The Way - Day 122 (Romans 15)

Daily Reading:
Romans 15
Don't forget to journal in your Foundations Book!
Daily Reading Audio Commentary:
Today's Question or Action Step:
Read verse 4 aloud. How have the Hebrew Scriptures given you hope? Which Old Testament stories and truths have been most impactful in strengthening your hope in God?
Weekly Memory Verse(s):
OPTION 1: Psalm 42:1-2
OPTION 2: Proverbs 17:27-28
OPTION 3: Matthew 6:3-4
Further Study Resources:
Study Guide for Romans 15 (Enduring Word - David Guzik)
Pastor Tom's Journal on Today's Reading:
Romans 15
Since the twelfth chapter of Romans, Paul has been providing insight to his readers in Rome concerning the transformation which occurs following repentance and faith in Jesus Christ (explained in Romans 1-11). Serving God with spiritual gifts (12:3-8), having right behavior (12:9-21), submitting to government authority (13:1-7), loving others (13:8-10), resisting the flesh while submitting to God (13:11-14), and finding unity amongst diversity (14:1-23) were the main characteristics of those whose faith is genuine. Although these attitudes and actions do not change instantaneously, the believer should allow the word of God to transform his thinking (12:1-2) while the Holy Spirit empowers him to follow God's ways (8:4). This process of resisting sin and living in daily obedience to God is called sanctification, which Paul discussed in detail in Romans 6:1-8:39.

In Romans 14, Paul had commanded them to set aside their differences in traditions and backgrounds so they could love God and love others in unity. Believers have a tendency to emphasize that which is non-essential and ignore those things which unify them, so Paul was calling the more mature believers to embrace the less mature believers for the sake of unity. Paul continues this theme into Romans 15 when he writes, "We then who are strong ought to bear with the scruples [weaknesses] of the weak, and not to please ourselves. Let each of us please his neighbor for his good, leading to edification" (15:1-2). The goal in Christian relationships is not to tear down each other, but to support and strengthen one another. This means that sometimes more mature Christians must set aside their freedoms in order to find unity with those who are weak in the faith. Even Jesus Christ gave us example by setting aside His freedoms in order to do the will of God (15:3). Although sacrificing freedom takes patience and endurance, Paul declares that the end result will be that believers "may with one mind and one mouth glorify the God and Father of our Lord Jesus Christ. Therefore receive one another, just as Christ also received us, to the glory of God" (15:6-7). Referring to the Old Testament Scriptures, Paul reveals that God's heart has always been to bring Jews and Gentiles together in unity, even though they are different (15:8-12). How can unity be accomplished? Instead of finding what makes us distinct, we must find commonality through faith in Jesus Christ (15:13).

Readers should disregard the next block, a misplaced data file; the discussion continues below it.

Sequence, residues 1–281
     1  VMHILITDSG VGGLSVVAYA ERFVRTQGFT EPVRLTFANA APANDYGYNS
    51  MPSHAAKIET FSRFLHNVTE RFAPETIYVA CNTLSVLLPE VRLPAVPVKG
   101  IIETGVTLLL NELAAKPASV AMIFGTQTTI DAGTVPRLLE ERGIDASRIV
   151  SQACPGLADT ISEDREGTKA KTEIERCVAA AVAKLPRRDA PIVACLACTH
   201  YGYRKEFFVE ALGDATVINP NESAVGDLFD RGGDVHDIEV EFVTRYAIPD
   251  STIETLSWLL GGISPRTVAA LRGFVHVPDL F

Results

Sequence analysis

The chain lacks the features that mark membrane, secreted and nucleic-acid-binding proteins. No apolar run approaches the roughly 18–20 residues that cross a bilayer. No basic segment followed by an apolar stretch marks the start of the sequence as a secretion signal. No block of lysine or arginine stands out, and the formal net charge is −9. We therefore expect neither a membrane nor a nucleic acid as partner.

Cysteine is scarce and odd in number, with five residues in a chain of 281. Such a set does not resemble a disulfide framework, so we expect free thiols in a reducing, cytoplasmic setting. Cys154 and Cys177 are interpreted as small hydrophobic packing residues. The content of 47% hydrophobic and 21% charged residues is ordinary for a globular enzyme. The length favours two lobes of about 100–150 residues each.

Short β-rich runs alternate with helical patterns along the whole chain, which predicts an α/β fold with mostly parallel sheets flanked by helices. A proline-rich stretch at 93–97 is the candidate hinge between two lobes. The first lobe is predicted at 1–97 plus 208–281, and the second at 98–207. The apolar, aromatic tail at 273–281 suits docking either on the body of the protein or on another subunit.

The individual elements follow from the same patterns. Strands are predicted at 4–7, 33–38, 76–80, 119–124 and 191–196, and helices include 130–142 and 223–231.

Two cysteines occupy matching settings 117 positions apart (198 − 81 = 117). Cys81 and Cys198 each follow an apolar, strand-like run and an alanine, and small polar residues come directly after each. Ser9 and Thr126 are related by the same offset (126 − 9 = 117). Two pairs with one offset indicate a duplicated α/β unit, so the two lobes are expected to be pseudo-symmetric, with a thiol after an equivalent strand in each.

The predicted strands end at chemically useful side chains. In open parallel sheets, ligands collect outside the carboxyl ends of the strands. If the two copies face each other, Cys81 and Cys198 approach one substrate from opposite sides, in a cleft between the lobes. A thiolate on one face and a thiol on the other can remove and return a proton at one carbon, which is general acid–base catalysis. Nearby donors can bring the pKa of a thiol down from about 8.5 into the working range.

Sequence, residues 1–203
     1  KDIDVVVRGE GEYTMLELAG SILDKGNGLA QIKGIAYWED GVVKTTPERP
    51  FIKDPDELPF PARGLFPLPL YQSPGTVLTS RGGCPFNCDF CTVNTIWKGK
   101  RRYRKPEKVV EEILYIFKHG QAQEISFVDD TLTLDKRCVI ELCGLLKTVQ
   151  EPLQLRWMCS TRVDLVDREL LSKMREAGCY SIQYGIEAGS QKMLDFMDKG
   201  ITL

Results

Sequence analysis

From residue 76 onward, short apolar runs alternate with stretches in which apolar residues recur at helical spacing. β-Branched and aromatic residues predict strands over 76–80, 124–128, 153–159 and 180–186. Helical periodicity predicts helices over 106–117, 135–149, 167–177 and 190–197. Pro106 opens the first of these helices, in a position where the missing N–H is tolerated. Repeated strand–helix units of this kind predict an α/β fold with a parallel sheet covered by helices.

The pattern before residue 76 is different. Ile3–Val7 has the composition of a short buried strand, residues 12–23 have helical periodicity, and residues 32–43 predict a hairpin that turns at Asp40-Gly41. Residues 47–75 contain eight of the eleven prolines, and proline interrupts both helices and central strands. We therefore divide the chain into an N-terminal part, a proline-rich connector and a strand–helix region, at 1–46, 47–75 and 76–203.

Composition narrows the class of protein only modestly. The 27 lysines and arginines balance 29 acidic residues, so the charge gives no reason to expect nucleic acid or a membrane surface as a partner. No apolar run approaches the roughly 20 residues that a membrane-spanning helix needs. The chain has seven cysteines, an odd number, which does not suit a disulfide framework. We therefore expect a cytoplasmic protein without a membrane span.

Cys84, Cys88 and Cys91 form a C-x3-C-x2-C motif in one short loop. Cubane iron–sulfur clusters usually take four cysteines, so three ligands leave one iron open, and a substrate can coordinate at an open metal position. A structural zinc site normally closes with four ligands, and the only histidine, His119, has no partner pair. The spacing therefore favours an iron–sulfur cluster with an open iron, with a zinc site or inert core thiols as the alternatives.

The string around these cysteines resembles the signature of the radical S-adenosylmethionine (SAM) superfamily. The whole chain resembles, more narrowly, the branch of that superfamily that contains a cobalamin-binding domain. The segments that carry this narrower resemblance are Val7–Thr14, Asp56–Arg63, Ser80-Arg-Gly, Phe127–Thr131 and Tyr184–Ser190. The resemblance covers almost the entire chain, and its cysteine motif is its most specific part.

Paul concludes his teaching on the characteristics of those who have been declared righteous (Romans 12:1-15:13) and now begins to close his letter to the Christians at Rome by explaining his motives in writing (15:14-16:27). Mainly, Paul wrote to the believers at Rome to strengthen them in their faith and to make the gospel known to the Gentiles (15:14-21).
Although Paul had not been able to personally visit the Christians in Rome at the time of this writing, he wanted them to know that he desired to see them soon (15:22-24). In the meantime, he would return to Jerusalem to deliver the financial gift given to the church which was collected in Macedonia and Achaia (15:25-26). It was their way of expressing gratitude for the Jews sending the gospel to the Gentiles (15:27-28a). Paul asked the believers at Rome to pray for him (15:30) that he " may be delivered from those in Judea who do not believe, and that my service for Jerusalem may be acceptable to the saints, that I may come to you with joy by the will of God, and may be refreshed together with you" (15:31-32).

Dear God, help me to do everything I can to bring unity to the church so that You might be glorified.